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Let's say you want to play a longish board game over the course of several days. For many games this is a fairly unwise idea that entails a bunch of problems. Among them: People are going to bump into the table. Cats are going to sit on the board. The pieces are going to get shifted around. How can you prevent this? How can you make those pieces stay put?

The issue arose for me because I'm designing a game intended to be played in this long-term fashion. But I think the issue has applications for lots of gamers, especially those who play with their families, partners, or housemates. So I'd like to explore options that can be applied to existing games, either by modifying the original game elements or by building a custom set with readily available materials.

This question is concerned with fixing pieces or tokens in place on a single flat board, to the exclusion of the many other complications that this style of play will create depending on the game. However, most any game played in this manner is going to involve some recordkeeping between sessions, so when you get back to the game you'll know whose turn it is or what phase you're in the middle of. You could preserve a board's state by folding it into this recordkeeping task, either by writing down all the necessary information or by taking a picture of the board so you can reconstruct it later. Besides being no fun at all, this method could be prohibitively complex for games with enough objects on the board. So this is a last resort (or, not really a solution).

There are travel editions of many games that fix pieces in place either with magnets or with friction (popping little plastic pieces into a plastic frame). I don't know how I'd create or modify a game board to use either of these methods, short of painting a Pandemic map onto a baking sheet. There might be a more practical method I haven't thought of.

The other idea that occurred to me was adhesive. For certain types of game piece, an attractive option is replacing them with tabbie-sized Post-it notes. For certain other types of game piece (like player tokens that have to be visibly unique and moved around often) sticky tabs don't work as well.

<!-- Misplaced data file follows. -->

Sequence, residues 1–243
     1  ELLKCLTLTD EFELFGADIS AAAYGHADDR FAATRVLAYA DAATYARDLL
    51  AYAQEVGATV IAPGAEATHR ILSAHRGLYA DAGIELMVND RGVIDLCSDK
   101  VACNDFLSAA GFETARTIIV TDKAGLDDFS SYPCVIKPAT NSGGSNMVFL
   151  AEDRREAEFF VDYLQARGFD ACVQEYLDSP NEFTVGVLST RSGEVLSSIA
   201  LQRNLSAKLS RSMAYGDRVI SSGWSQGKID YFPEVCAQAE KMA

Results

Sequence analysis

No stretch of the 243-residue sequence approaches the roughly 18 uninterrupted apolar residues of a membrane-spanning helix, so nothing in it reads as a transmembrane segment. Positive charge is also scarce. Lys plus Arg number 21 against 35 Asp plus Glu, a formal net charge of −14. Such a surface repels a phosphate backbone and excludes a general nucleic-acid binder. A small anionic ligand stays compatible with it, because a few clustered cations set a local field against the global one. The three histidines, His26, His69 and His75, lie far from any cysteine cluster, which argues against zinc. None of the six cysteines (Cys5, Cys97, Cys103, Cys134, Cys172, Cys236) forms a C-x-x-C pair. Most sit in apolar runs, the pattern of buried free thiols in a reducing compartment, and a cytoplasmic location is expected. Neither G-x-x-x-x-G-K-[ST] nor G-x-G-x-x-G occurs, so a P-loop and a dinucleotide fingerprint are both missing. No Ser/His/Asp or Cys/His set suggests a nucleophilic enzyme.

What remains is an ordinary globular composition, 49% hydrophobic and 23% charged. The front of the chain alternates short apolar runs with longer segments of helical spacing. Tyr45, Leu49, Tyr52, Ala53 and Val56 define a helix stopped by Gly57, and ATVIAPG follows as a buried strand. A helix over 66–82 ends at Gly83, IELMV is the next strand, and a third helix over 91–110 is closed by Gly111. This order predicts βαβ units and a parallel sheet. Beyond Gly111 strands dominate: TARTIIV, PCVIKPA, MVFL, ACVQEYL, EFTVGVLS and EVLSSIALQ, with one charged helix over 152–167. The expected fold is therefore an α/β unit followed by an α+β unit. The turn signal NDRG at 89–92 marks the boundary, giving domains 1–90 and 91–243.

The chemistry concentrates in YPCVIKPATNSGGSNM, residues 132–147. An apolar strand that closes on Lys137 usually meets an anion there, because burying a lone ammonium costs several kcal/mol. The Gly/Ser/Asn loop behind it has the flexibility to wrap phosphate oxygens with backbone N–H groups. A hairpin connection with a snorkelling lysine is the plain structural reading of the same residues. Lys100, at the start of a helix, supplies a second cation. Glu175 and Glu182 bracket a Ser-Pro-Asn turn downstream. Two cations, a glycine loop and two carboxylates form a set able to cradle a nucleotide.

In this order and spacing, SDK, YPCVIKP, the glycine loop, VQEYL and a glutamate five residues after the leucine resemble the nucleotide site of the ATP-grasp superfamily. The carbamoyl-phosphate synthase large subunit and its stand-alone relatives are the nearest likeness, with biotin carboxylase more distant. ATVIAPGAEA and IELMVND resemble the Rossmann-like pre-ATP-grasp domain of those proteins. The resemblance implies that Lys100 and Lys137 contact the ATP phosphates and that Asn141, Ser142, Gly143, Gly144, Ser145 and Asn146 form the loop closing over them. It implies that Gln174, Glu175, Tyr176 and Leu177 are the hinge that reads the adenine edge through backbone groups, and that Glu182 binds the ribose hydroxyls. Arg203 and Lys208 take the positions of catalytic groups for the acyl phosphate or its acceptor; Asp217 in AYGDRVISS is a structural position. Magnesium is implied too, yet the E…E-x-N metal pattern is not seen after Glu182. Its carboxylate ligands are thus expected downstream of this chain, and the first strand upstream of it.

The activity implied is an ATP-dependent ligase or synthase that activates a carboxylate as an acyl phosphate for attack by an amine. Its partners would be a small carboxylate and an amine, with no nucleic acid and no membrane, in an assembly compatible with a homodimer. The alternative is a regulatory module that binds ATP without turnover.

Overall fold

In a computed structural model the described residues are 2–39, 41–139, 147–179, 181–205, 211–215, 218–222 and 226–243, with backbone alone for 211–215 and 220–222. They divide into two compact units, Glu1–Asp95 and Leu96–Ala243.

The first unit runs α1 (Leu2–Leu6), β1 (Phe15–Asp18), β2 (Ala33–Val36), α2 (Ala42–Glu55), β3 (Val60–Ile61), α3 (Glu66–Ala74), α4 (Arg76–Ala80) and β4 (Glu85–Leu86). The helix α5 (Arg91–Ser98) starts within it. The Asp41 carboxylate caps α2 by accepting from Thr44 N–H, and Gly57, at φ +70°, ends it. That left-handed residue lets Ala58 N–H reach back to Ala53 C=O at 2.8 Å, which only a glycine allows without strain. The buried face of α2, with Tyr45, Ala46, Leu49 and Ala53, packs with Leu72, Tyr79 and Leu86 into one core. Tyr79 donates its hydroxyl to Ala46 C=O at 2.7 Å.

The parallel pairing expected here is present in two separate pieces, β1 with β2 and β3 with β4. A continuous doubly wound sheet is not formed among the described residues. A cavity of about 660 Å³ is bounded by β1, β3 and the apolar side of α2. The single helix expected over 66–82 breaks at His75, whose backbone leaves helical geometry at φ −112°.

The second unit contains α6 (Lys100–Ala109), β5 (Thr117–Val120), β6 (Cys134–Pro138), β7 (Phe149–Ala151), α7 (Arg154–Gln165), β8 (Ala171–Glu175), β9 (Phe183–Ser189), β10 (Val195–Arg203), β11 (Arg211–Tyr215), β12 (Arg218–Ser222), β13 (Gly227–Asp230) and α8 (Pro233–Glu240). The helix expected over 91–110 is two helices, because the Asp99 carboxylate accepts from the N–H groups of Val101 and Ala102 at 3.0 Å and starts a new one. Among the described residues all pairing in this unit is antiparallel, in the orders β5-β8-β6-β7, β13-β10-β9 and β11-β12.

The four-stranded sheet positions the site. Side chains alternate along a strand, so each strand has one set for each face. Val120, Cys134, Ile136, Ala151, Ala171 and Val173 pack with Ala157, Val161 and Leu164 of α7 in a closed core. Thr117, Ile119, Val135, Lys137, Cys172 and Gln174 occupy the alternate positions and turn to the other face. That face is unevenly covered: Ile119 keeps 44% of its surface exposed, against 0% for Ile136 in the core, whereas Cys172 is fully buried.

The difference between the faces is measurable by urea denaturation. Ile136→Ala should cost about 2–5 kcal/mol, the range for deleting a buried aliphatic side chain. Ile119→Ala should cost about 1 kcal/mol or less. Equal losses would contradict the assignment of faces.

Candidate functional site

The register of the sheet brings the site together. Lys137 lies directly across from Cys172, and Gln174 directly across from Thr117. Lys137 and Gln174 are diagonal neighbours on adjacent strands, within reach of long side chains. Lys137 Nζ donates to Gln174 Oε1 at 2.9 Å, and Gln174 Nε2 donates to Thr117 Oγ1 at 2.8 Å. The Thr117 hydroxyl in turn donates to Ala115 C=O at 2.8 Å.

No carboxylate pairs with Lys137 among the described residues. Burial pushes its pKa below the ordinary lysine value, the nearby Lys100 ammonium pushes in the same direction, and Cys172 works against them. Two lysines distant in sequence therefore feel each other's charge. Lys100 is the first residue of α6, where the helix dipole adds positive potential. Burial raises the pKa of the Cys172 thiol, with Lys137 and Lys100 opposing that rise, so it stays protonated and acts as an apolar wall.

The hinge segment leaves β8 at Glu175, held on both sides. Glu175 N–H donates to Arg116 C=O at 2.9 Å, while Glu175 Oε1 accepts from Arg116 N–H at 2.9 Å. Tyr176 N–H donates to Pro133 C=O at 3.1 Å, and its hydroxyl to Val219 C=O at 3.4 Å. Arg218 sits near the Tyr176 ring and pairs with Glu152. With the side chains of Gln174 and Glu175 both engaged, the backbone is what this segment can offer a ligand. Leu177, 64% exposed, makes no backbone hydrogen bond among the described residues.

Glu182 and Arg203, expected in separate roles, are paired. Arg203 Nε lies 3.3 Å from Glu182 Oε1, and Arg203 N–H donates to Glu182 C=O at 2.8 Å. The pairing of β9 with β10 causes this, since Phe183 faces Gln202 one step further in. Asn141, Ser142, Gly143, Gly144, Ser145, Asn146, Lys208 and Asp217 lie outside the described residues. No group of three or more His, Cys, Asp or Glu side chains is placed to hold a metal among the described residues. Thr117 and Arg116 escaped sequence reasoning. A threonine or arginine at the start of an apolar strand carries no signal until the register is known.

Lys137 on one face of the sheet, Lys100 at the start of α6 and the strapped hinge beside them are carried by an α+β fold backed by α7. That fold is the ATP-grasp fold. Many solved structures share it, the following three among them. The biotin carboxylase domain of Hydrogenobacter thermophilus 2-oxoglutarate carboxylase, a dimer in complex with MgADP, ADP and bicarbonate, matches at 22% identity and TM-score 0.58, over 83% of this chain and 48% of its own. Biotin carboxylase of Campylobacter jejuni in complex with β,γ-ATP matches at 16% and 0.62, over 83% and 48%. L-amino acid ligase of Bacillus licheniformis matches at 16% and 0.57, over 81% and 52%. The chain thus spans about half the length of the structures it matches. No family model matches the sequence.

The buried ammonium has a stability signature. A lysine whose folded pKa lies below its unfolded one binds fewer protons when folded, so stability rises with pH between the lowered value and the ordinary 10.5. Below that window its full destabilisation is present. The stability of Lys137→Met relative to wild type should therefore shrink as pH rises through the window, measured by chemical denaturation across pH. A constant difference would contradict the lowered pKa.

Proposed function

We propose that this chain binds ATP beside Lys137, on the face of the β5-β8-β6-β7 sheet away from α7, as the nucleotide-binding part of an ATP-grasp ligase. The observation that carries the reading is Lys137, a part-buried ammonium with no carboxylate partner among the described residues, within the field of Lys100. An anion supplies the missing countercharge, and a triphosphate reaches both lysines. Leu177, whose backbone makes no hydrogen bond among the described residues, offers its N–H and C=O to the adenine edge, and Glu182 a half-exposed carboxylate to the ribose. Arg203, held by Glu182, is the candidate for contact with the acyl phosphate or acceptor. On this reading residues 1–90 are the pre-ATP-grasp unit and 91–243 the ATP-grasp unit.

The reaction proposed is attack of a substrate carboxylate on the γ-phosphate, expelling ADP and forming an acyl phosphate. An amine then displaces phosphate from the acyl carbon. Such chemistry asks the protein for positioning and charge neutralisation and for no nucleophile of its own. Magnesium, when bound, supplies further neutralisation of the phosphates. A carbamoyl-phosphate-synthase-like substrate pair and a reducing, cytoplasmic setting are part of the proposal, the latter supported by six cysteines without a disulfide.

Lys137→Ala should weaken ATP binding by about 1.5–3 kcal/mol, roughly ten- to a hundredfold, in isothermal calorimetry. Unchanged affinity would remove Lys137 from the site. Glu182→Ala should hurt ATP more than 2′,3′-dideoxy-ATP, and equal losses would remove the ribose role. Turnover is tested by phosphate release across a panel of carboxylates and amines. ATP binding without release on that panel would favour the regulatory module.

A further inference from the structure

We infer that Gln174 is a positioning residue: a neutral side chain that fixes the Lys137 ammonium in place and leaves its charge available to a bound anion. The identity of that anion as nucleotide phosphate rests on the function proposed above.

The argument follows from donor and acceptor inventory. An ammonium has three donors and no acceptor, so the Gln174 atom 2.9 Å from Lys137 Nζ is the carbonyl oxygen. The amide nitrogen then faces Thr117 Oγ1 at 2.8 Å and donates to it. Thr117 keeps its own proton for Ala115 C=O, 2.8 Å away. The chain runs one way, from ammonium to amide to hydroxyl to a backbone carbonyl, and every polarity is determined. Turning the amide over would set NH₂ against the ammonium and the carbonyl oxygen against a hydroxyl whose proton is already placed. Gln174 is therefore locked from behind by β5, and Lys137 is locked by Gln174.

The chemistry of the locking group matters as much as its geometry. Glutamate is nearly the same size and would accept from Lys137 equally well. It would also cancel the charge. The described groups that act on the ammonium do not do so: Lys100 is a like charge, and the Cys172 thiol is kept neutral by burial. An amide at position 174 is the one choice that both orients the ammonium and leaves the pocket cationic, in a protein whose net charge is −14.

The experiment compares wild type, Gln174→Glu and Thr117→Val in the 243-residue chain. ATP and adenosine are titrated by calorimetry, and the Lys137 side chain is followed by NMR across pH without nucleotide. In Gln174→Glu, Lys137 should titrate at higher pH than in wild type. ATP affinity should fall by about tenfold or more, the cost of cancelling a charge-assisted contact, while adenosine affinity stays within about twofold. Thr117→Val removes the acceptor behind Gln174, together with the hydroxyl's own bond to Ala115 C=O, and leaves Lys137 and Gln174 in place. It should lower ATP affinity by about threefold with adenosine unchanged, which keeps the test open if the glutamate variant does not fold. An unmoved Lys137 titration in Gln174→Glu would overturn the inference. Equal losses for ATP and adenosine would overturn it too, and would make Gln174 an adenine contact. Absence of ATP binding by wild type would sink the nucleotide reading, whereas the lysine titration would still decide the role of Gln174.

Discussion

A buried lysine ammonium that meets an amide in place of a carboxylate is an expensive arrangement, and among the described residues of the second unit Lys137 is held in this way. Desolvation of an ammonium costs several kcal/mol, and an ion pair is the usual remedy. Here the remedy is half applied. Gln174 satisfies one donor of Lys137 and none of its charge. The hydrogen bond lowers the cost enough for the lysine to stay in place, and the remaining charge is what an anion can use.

What's the best method for preserving the physical state of pieces on a game board?

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  • Get a custom table with a recessed playing area and a "dining topper" such as those sold by boardgametables.com - the felt surface should help keep things from sliding around too much. – The Chaz 2.0 Jun 4 '20 at 13:44
  • I would probably take a picture instead of trying to keep all the small pieces in place. – Styxsksu Jan 12 at 16:47
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Use an acrylic or polycarbonate overlay designed to fit over the game board, with fitted slots that the individual pieces fit in.

One example is an official expansion for Azul called "Crystal Mosaic." The overlay itself is shown below:

enter image description here

Here is the overlay in use:

enter image description here

An overlay isn't going to solve every possible scenario, but in my anecdotal experience, the main thing here (which is not exclusive to long gaming sessions) is that someone accidentally jostles the board or table and pieces move. This overlay may solve that. Plus, it is apparently cheap enough to manufacture that the above Azul expansion is being sold for about 10 US dollars at time of writing.

This answer assumes nothing about copyrights associated with such a solution - if the plan was to market such a thing as Azul's publisher did (in 2020)

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    I think that would still be subject to pieces moving around if the table gets bumped or if cats sit on the board as in the question. – Joe W Jun 3 '20 at 16:30
  • This is a very attractive approach, but the answer would be much more helpful if it provided suggestions for applying the technique to other games. – Ryan Veeder Jun 3 '20 at 17:27
  • @JoeW I feel like this solution could be (almost) cat-proof if you combined it with laying a towel over the board when it isn't in use. – Ryan Veeder Jun 3 '20 at 17:30
  • @JoeW I can only assume that the design philosophy of Crystal Mosiac was, "don't let the perfect be the enemy of the good." on Amazon, they market it as a solution "to keep tiles from being accidentally bumped out of place."@ryan-veeder Unattended cats at the gaming table are as unsolvable an issue as unattended kids – Chris Jun 3 '20 at 17:30
  • It seems to me a bump against the table could still knock things out of place with that setup. In my opinion I don't think that is for keeping things in place long term but more for making it easier to keep things lined up while playing also as Ryan Veeder said this is a setup for a fairly specific type of game and game pieces which won't work for a lot of games. – Joe W Jun 3 '20 at 18:31

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